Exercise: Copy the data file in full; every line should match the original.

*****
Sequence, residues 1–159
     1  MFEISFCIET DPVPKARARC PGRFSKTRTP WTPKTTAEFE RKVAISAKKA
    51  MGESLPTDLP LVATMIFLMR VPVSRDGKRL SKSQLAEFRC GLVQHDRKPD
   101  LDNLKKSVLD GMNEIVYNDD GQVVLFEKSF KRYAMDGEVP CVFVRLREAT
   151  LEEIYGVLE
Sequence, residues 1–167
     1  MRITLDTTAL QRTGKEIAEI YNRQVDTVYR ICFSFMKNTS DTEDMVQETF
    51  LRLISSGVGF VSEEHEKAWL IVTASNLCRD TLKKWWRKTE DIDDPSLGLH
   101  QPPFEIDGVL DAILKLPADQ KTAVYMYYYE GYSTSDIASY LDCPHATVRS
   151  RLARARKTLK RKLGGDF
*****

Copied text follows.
Sequence, residues 1–159
     1  MFEISFCIET DPVPKARARC PGRFSKTRTP WTPKTTAEFE RKVAISAKKA
    51  MGESLPTDLP LVATMIFLMR VPVSRDGKRL SKSQLAEFRC GLVQHDRKPD
   101  LDNLKKSVLD GMNEIVYNDD GQVVLFEKSF KRYAMDGEVP CVFVRLREAT
   151  LEEIYGVLE
Sequence, residues 1–167
     1  MRITLDTTAL QRTGKEIAEI YNRQVDTVYR ICFSFMKNTS DTEDMVQETF
    51  LRLISSGVGF VSEEHEKAWL IVTASNLCRD TLKKWWRKTE DIDDPSLGLH
   101  QPPFEIDGVL DAILKLPADQ KTAVYMYYYE GYSTSDIASY LDCPHATVRS
   151  RLARARKTLK RKLGGDF